Shown below is the broadcast schedule for the first five days of play –
So, what can we expect while watching the broadcast?
Fans are getting a preview this week, with what is described as a watered down version of the full return to play on Saturday. Exhibition games went off beginning yesterday, but the NHL did not roll out all of the bells and whistles that are expected for the broadcasts this weekend.
As leagues around North America including the NBA, WNBA, NWSL, MLS and MLB have returned to play, following the return of several European soccer leagues, we’ve seen everything from pumped in crowd noise to cardboard cutouts of fans, all of which have been received with varying degrees of acceptance.
As reported by NHL.com and the LA Times among others, the NHL is aiming to cater its game presentation exclusively to those watching at home, which is nearly the entirety of its viewership in this unique, fanless situation. The league has partnered with EA Sports, creator of the NHL video game series, to use the company’s library of in-game sounds to create a more realistic atmosphere surrounding the games. The NHL has also collected goal songs, goal horns and in-arena music compilations from each of the 24 participating teams, as well as fan-submitted videos to mimic some of the more original chants used in specific arenas.
There will be no cardboard cutouts of fans in the arena and no virtual fans placed into the seats using the technology that is capable of doing so. I mean, you try filling out the paperwork for insuring yourself against a cardboard cutout getting hit in the head with an errant clearing attempt. We’d never drop the puck.
There will, however, be more than 10 additional camera angles in use for each game, to give the viewers at home additional content to consume during the broadcasts. While it won’t be the Stanley Cup Playoffs we’re used to, the league has made the effort to do unique things in a one-of-a-kind situation.
For me, I’m torn on the “fake” crowd noise. On one hand, hearing some sort of buzzing going on during play makes me feel more like I’m watching a normal game, and less like one in an empty arena. On the other side of it though, it just doesn’t do it for me when you hear that loud AWWWW from a crowd that isn’t there after a narrowly missed chance. It felt strange to me watching soccer matches, hearing the crowd react in different ways, and then you look up and see banners or empty seats behind the goal.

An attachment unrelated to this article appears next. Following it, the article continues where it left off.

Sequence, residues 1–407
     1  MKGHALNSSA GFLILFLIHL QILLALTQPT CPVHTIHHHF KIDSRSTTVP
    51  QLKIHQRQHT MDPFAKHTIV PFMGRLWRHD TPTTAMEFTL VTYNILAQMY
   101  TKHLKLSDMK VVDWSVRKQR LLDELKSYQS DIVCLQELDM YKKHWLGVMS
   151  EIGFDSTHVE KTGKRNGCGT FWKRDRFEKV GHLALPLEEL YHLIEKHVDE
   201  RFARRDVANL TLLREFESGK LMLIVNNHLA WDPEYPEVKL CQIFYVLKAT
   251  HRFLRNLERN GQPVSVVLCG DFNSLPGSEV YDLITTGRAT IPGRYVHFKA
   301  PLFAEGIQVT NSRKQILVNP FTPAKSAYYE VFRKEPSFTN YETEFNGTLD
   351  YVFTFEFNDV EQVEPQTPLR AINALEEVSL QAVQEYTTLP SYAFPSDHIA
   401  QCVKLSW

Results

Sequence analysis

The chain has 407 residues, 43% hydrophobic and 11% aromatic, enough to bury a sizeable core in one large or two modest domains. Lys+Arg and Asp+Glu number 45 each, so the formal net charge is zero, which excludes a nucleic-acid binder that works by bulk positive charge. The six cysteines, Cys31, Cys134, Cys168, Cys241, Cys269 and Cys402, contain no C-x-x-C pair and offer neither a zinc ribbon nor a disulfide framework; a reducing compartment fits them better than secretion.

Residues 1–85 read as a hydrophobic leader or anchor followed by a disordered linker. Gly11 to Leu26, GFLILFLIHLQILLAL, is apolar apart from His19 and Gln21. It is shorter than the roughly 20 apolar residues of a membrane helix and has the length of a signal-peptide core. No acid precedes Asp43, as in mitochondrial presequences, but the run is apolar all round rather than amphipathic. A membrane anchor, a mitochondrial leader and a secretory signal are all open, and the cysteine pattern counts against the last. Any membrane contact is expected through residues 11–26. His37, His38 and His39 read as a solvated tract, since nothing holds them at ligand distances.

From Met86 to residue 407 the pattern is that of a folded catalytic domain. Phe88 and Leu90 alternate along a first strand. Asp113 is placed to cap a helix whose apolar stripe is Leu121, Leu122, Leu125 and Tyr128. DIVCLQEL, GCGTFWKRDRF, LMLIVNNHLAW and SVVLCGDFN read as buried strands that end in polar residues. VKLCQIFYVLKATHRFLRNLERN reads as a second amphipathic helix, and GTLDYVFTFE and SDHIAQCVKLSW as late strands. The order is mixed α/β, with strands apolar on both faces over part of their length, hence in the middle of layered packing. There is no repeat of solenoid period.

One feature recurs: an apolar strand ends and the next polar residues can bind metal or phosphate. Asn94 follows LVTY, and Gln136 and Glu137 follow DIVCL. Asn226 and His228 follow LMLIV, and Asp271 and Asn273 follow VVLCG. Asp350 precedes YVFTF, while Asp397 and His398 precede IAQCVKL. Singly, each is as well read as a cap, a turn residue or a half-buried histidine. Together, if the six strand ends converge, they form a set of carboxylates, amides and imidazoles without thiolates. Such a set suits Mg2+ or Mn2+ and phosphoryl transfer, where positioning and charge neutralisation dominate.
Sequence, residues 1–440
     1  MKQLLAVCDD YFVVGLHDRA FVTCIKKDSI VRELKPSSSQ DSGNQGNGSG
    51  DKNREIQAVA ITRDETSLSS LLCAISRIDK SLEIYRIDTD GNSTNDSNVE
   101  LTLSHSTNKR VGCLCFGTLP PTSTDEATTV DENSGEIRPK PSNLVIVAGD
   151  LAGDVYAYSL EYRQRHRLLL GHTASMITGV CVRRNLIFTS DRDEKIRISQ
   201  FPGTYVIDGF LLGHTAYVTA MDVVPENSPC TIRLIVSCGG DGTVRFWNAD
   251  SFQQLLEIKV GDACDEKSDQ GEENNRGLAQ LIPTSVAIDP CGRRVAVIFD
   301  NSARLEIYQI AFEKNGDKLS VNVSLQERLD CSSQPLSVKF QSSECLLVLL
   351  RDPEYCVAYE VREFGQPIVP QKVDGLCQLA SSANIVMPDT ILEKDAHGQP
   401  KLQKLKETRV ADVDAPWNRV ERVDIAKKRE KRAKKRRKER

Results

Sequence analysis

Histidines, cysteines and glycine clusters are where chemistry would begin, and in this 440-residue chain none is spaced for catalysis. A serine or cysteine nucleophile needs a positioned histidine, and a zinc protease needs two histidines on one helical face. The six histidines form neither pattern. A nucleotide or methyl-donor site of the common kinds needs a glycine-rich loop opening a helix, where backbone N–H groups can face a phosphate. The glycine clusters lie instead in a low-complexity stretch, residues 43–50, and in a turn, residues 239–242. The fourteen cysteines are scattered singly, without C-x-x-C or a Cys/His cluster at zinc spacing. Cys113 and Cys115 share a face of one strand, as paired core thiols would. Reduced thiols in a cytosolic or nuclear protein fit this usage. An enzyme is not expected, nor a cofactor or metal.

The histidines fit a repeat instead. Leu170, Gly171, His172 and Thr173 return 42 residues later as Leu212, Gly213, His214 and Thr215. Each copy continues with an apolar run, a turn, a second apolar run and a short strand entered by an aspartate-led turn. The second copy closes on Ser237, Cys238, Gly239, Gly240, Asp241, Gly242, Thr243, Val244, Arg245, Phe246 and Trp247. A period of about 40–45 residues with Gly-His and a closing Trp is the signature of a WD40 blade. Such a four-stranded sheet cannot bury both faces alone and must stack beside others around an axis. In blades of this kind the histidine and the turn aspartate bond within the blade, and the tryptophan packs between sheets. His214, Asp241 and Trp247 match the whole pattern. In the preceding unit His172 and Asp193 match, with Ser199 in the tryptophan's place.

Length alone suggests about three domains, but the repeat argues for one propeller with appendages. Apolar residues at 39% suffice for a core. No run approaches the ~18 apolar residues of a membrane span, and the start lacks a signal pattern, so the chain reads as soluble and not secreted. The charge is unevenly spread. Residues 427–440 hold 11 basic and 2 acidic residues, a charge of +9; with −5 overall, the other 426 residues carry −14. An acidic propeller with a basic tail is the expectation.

It will also be interesting though to see how the league integrates fans watching from home. The NFL Draft and MLS Is Back Tournament, as well as English Premier League broadcasts on NBC, all took varying approaches of integrating fans watching at home into the broadcast. The MLS specifically had fans watching through a video platform shown live on the broadcast, along the sidelines and behind the net, providing a virtual fan experience.
Regardless of how it all shakes out, I’ll be interested to see how the NHL approaches it. We’re just four days away from the return of competitive hockey!
NOTE – Zach Dooley works for the Ontario Reign and is one of many contributors to LA Kings Insider during this time. Our organization understands the importance of LAKI to you and remain committed to evolving the platform and providing even more content once we resume usual operations.